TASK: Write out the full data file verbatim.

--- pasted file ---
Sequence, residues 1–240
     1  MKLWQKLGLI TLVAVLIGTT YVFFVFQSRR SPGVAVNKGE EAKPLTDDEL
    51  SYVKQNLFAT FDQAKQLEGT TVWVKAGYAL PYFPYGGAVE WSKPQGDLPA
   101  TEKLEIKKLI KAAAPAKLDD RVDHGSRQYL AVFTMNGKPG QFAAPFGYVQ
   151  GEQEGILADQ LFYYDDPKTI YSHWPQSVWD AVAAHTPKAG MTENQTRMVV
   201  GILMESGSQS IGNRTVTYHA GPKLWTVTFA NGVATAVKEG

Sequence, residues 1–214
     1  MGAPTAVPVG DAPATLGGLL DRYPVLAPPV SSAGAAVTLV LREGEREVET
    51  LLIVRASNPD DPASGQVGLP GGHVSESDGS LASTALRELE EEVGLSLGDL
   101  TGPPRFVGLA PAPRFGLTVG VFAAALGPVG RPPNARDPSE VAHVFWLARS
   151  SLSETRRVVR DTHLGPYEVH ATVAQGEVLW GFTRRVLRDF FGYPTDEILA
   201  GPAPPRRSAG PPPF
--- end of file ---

Sequence, residues 1–240
     1  MKLWQKLGLI TLVAVLIGTT YVFFVFQSRR SPGVAVNKGE EAKPLTDDEL
    51  SYVKQNLFAT FDQAKQLEGT TVWVKAGYAL PYFPYGGAVE WSKPQGDLPA
   101  TEKLEIKKLI KAAAPAKLDD RVDHGSRQYL AVFTMNGKPG QFAAPFGYVQ
   151  GEQEGILADQ LFYYDDPKTI YSHWPQSVWD AVAAHTPKAG MTENQTRMVV
   201  GILMESGSQS IGNRTVTYHA GPKLWTVTFA NGVATAVKEG

Sequence, residues 1–214
     1  MGAPTAVPVG DAPATLGGLL DRYPVLAPPV SSAGAAVTLV LREGEREVET
    51  LLIVRASNPD DPASGQVGLP GGHVSESDGS LASTALRELE EEVGLSLGDL
   101  TGPPRFVGLA PAPRFGLTVG VFAAALGPVG RPPNARDPSE VAHVFWLARS
   151  SLSETRRVVR DTHLGPYEVH ATVAQGEVLW GFTRRVLRDF FGYPTDEILA
   201  GPAPPRRSAG PPPF